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Sample Letter to Governor Newsom

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Governor Gavin Newsom
1303 10th Street, Suite 1173
Sacramento, CA 95814
Dear Governor Newsom:
We ask you to intervene on behalf of the Richmond, California and larger San Francisco Bay Area community, and future generations and all life in and near the AstraZeneca/former Stauffer Chemical site, which is on the immediate shoreline of San Francisco Bay with estuaries inhabited by endangered species on either side.
A broad base of residents, workers, business owners, city representatives and San Francisco Bay Trail users have been advocating for 20 years to ensure a comprehensive clean-up of the AstraZeneca (aka "Campus Bay"), located in Richmond, California.
The 86-acre site is far more than a Brownfield; it is a US EPA Superfund-qualified toxic dump burdened with the legacy of more than 100-years of extensive industrial chemical manufacturing. The site is bordered on the south by Stege Marsh and San Francisco Bay, to the west by UC Berkeley Richmond Field Station and Meeker Slough, and on the east by a small-business area, Baxter Creek, the radioactive contaminated Blair Landfill, and in several directions by low income housing and environmental justice-impacted residents just across I-580 which curves around the site.
Since 2004, community volunteers have worked diligently with the Cal EPA Department of Toxic Substances Control (DTSC) to ensure a robust clean-up. However we have lost confidence DTSC is adequate to the job of holding AstraZeneca (the primary Responsible Party) to a clean-up standard protective of human and environmental health.
Currently over 98% of 550,000 cubic yards of hazardous waste, much of it cancer-causing and/or linked to other health risks such as reproductive and developmental disorders, is proposed for burial but not encapsulation at this shoreline site, with dense residential (4,000 units) on top.
DTSC ignored updated science of sea level rise and its impacts of saltwater intrusion; they also ignored new more protective health risk levels for tetrachloroethene (TCE), which is predominant throughout the site, and used 40hrs/wk worker risk levels rather than full-time residential risk levels, in calculating the cleanup goal. The contaminated soil contains high levels of heavy metals (predominantly arsenic), volatile organic compounds (VOCs), polychlorinated biphenyls (PCBs), herbicides, fungicides, pesticides (many banned worldwide) and more. Many independent experts have weighed-in on the dangers of allowing the hazards to remain on the shoreline and especially underlying development.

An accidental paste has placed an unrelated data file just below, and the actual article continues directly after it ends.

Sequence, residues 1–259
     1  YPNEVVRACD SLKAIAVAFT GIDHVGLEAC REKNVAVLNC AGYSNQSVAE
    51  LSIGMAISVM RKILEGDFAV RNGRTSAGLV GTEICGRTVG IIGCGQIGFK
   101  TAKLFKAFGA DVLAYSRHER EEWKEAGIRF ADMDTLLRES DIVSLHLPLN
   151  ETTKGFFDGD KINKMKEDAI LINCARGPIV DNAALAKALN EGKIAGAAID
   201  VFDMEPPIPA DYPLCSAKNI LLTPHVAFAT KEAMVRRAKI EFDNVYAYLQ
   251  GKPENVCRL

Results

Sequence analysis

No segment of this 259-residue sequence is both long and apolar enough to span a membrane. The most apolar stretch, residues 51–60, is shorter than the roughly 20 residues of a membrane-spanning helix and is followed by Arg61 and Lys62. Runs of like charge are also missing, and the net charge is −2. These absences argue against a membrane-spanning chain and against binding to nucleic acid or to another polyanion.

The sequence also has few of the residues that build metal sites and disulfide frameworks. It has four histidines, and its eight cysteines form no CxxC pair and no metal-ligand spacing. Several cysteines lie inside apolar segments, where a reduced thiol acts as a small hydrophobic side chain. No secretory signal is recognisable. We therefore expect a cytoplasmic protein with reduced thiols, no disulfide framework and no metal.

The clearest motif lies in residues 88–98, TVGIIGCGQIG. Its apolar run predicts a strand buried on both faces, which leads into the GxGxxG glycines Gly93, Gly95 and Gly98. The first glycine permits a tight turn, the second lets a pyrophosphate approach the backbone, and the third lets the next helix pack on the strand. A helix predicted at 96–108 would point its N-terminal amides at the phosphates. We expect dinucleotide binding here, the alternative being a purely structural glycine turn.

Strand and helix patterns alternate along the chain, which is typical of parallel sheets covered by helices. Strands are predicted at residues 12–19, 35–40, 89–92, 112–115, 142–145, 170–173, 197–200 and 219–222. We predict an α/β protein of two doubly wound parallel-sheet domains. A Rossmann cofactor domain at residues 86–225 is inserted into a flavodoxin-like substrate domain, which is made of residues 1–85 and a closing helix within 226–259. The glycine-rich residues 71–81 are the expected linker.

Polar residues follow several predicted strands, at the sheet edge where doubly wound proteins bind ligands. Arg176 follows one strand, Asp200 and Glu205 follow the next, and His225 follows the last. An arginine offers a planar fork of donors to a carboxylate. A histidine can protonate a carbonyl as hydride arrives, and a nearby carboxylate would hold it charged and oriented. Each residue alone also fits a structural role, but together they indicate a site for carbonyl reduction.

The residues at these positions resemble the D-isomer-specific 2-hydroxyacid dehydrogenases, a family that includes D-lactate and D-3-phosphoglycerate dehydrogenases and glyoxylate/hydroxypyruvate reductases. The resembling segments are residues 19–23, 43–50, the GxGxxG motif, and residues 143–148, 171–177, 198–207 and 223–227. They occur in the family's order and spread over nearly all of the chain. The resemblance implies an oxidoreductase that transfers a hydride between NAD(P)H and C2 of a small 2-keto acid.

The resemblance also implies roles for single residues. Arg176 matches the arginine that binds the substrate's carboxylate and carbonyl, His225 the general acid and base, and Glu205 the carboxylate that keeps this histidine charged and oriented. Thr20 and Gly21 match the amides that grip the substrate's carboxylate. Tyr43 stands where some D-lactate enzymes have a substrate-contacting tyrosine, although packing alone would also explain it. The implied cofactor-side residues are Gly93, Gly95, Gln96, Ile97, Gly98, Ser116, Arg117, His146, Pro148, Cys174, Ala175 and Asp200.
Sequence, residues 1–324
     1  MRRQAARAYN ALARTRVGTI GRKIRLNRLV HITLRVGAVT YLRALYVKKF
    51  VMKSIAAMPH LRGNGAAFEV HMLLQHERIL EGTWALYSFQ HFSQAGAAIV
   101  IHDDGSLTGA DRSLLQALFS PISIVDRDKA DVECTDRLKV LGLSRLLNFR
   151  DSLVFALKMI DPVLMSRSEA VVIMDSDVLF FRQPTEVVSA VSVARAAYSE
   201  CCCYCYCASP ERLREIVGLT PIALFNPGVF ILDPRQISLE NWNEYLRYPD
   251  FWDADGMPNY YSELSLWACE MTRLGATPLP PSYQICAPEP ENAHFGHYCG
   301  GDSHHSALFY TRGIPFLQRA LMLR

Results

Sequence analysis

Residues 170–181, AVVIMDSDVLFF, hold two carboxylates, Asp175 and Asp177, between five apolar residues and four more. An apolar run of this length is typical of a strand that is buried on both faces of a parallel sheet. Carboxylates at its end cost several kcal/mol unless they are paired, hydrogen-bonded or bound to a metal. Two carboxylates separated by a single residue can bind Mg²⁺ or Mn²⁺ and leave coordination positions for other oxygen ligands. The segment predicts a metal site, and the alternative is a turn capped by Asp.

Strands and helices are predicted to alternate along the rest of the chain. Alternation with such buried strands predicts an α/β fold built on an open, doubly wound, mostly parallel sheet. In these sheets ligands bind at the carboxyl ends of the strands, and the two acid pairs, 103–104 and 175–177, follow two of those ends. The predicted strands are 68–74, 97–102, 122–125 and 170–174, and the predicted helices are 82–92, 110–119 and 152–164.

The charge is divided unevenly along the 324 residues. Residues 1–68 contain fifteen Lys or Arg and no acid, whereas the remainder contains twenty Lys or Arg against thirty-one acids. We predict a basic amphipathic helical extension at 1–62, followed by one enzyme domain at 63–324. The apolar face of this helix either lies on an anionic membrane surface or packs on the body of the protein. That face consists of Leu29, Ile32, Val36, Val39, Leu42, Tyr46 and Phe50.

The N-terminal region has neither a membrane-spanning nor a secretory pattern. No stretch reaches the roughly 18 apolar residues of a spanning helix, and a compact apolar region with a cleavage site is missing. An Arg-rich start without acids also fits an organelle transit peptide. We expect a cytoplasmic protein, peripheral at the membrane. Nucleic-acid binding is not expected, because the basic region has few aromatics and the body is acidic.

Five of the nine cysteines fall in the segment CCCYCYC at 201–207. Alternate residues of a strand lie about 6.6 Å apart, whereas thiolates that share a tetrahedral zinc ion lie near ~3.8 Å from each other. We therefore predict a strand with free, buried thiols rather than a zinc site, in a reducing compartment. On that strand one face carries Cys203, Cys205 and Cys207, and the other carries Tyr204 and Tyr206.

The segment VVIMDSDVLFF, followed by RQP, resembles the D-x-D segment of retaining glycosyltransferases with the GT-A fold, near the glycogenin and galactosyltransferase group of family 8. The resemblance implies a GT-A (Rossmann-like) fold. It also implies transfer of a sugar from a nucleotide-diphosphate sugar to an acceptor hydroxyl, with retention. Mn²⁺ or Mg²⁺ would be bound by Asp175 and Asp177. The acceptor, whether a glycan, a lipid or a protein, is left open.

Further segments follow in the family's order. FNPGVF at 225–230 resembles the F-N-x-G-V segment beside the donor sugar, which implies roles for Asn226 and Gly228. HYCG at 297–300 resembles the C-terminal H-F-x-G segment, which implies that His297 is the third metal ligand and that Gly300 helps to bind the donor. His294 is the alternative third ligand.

Deed restrictions prevent on-site day care, schools, hospitals, or other facilities for seniors or anyone under 21 years old, yet families with children, seniors, and other vulnerable populations are likely to end up living there.
When choosing a clean-up alternative in the Feasibility Study and Remedial Action Plan (FS/RAP) process, DTSC used the argument that a dig-and-haul solution would expose the nearby widespread environmental justice community to more potential harm, yet their own documents conclude removing all the hazardous material is the best long term solution.
The current plan depends on unproven in-situ remediation of widespread VOCs in soil, soil gas and groundwater and "5-year reviews" which don't require re-sampling of soil, water, etc. to verify the remedy remains protective. There was no consideration of sea level rise increasing groundwater pressure against foundations, nor of it increasing VOCs forced into living spaces via aging concrete, utility conduit seals, and plumbing. There is no plan for real-time measurement of VOCs under or in the proposed 4,000 residences, nor any plan to mitigate toxic plumes already expanding into bordering areas including Stege Marsh, San Francisco Bay, and the adjacent UC Berkeley and small-business properties.
Our ask:
  • Cal EPA DTSC reopen and update the Feasibility Study/ Remedial Action Plan (FS/RAP) and Human Health Risk Assessment (HHRA) to include sea level rise and seismic risks in addition to using the most protective health standards when evaluating the risks from hazardous waste left in place
  • City of Richmond reopen and update the Richmond South Shoreline Specific Plan Environmental Impact Report (EIR) to reflect sea level and seismic risks and consider the trend for more protective standards for the types of hazardous waste at this site
  • AstraZeneca (and other RPs) remove all the toxic waste to a certified hazardous waste facility, by rail or intermodal transport, if possible
Thank you for your prompt consideration of this urgent matter.

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